IN 1969, President Lyndon Johnson included social security in a new ``unified'' federal budget. It was the first time in the program's existence that it had been included with other programs in the budget, and Mr. Johnson's critics contended that by adding the surpluses of the Social Security Trust Fund to the overall budget, the President was hiding the increasing costs of the Vietnam war. In the Senate deficit reduction plan adopted this spring, a freeze in the social security cost-of-living adjustment (COLA) was included to reduce the deficit by $21.9 billion.
Social security surpluses in 1969 did not pay for the Vietnam war, and they cannot be used to reduce the deficit now. These two examples, in fact, illustrate why social security should be taken out of the unified budget immediately.
In the unified budget, social security's expenses and revenues are included in the total of federal spending and income. Social security funds, however, are derived from the payroll tax. By law, they can only be used for three specific purposes: to pay benefits; to pay administrative costs; or to be invested in government securities.
The unified budget does not take into account the unique nature of social security, however, and distorts the relationship of social security spending in two ways.
First, it hides the interest costs the Treasury must pay for a loan from social security. Although such costs would show up as an increase in the deficit if the Treasury went into private markets to borrow, the unified budget treats them as an ``intergovernmental transfer'' when the loan is from social security. The cost doesn't show up in the deficit column.
Second, the unified budget makes it appear that large social security surpluses or reduced social security spending reduces the deficit -- even though funds unused by social security cannot offset spending in other programs.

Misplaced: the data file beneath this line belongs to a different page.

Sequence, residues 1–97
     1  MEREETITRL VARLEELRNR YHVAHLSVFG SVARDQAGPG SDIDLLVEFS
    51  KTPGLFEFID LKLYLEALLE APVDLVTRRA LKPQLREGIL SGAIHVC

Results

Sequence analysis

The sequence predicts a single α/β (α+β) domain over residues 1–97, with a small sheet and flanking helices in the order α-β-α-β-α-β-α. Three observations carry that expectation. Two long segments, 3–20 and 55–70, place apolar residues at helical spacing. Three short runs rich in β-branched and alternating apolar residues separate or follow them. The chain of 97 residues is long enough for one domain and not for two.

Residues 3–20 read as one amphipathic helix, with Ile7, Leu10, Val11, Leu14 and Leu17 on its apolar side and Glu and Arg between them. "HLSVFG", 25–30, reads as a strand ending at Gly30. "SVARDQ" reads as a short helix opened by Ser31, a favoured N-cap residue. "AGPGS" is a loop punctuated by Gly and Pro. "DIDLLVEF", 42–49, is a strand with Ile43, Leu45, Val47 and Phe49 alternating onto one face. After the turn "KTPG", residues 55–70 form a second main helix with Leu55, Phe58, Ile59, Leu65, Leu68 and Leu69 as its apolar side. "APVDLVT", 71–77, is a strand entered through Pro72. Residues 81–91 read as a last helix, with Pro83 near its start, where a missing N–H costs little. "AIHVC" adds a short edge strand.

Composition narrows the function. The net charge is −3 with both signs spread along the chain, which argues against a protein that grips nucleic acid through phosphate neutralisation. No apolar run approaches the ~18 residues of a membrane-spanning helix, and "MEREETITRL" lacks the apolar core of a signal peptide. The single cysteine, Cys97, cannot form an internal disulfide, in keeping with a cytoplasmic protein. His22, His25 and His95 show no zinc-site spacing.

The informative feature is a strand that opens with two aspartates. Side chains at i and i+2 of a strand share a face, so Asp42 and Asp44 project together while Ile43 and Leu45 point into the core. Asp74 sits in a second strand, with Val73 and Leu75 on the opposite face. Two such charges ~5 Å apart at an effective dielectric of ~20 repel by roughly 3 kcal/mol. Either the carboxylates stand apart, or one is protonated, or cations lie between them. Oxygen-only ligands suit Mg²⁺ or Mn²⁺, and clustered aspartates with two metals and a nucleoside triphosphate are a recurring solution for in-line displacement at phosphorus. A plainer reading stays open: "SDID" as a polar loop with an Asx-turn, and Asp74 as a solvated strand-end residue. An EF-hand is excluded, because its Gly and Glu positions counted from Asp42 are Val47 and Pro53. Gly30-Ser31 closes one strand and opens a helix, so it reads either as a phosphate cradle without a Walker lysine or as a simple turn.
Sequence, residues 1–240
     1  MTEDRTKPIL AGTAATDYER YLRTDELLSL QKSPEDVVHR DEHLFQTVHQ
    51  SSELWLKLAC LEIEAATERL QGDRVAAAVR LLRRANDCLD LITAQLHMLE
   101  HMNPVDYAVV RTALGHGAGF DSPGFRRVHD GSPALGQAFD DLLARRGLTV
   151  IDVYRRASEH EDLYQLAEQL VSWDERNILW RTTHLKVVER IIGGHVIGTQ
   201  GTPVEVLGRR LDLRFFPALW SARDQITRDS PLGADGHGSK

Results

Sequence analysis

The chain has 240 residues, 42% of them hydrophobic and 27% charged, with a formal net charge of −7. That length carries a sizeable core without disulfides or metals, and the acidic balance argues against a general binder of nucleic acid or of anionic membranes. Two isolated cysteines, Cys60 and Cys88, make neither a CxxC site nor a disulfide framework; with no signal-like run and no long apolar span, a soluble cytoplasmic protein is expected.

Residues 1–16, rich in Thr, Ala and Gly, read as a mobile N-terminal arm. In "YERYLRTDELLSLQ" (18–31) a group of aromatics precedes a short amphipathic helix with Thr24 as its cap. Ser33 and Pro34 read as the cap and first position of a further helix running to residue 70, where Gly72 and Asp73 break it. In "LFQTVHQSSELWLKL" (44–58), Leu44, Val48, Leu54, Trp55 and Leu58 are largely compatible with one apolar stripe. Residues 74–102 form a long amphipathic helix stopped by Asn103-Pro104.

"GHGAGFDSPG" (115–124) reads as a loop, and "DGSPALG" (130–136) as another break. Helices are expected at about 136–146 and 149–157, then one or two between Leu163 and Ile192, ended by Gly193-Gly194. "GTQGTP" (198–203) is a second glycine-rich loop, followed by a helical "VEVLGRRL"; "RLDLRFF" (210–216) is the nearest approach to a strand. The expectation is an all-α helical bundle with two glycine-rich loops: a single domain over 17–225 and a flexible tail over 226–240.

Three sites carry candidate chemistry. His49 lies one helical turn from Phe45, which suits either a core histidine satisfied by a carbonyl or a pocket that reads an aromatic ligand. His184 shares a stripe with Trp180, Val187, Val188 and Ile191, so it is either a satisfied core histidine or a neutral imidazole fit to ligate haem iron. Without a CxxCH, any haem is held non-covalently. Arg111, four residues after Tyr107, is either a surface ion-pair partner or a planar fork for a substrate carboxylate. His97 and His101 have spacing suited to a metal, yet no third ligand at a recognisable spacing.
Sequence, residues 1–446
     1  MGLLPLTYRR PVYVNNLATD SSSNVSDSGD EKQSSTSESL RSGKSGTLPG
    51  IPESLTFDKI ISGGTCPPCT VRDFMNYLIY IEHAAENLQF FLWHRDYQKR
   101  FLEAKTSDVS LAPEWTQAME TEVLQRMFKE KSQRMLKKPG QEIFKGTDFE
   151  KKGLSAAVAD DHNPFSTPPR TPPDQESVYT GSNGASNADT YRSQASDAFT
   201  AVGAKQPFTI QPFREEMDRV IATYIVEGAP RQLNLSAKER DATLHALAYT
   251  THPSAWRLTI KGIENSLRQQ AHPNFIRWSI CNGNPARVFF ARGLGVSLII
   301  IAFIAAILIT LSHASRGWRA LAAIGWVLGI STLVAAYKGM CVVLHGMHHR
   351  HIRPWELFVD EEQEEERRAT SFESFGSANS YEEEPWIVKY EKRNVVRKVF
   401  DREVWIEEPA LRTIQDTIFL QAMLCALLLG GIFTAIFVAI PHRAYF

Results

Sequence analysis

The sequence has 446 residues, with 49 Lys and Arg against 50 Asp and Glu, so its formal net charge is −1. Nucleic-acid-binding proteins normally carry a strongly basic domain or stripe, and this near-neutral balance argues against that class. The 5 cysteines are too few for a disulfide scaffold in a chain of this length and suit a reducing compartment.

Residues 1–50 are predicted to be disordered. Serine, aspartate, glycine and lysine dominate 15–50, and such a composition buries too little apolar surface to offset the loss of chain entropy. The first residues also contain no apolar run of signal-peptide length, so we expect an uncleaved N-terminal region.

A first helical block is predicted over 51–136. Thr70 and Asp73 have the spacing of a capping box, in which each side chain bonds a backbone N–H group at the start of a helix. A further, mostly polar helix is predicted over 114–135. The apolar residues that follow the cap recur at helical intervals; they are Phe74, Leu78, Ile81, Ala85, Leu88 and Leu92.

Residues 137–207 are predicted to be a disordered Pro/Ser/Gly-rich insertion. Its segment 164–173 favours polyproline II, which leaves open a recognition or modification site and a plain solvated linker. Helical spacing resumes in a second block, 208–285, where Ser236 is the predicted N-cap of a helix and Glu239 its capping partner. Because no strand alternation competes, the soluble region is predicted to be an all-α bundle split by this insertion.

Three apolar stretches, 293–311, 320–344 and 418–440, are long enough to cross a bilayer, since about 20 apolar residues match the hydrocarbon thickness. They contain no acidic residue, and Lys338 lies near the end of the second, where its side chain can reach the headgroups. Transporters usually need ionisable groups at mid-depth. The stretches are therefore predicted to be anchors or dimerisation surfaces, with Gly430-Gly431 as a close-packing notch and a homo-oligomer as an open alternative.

The Senate's COLA-freeze proposal is a perfect example. Under the proposal, the COLA would have been frozen and social security spending would have been $21.9 billion less than projected. Therefore, on paper, the deficit declined.
The reality is different. Although social security revenues would not have been paid out in benefits, the $21.9 billion would have been invested automatically as a loan to the Treasury. The net result of a COLA freeze would have been to (1) hide the government's borrowing costs; (2) increase welfare costs by nearly $1 billion (according to the Congressional Budget Office); and (3) spend $21.9 billion and, because it would be a loan, not direct spending, call it ``defi cit reduction.''
Some people contend that, while this all may be true, it's academic. But it isn't. Congress should not decide important political issues using a faulty budget document. It is unfair to 36 million social security recipients, and it is inaccurate as a true account of the government's finances.
Social security in 1990 will compile a one-year surplus of $67 billion. The unified budget will allow the Treasury to continue deficit spending in that year by almost $70 billion and still show what appears to be a balanced budget. In 1992, when social security is scheduled to be removed from the unified budget, the federal government could have an ``instant'' deficit of more than $70 billion, even though the fiscal situation of the government will be completely unchanged.
Political reality argues that the closer we get to 1992 -- a presidential election year -- the harder it will be for any president to take social security out of the budget. The time to do it is now.
I have introduced legislation to take social security out of the unified budget immediately, and my bill has been endorsed by Rep. Edward R. Roybal, chairman of the House Select Committee on Aging, as well as the 18 million-member American Association of Retired Persons and a bipartisan group of US representatives and senators. President Reagan has also come out in favor of removing social security from the unified budget, declaring it is a ``bookkeeping gimmick.''
It is time to act on this issue, and to stop worrying our senior citizens and deceiving other Americans.
US Rep. Matthew J. Rinaldo (R) of New Jersey is on the Select Committee on Aging.